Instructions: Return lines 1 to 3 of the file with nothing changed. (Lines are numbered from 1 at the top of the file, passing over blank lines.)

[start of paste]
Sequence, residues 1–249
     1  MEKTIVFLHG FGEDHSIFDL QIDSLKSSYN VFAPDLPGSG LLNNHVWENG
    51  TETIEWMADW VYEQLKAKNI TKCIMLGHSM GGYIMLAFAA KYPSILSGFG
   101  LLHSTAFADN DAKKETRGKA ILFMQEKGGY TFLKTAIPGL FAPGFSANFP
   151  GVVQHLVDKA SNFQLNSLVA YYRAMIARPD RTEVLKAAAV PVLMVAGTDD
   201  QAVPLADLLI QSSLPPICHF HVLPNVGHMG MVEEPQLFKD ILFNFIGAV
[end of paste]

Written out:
Sequence, residues 1–249
     1  MEKTIVFLHG FGEDHSIFDL QIDSLKSSYN VFAPDLPGSG LLNNHVWENG
    51  TETIEWMADW VYEQLKAKNI TKCIMLGHSM GGYIMLAFAA KYPSILSGFG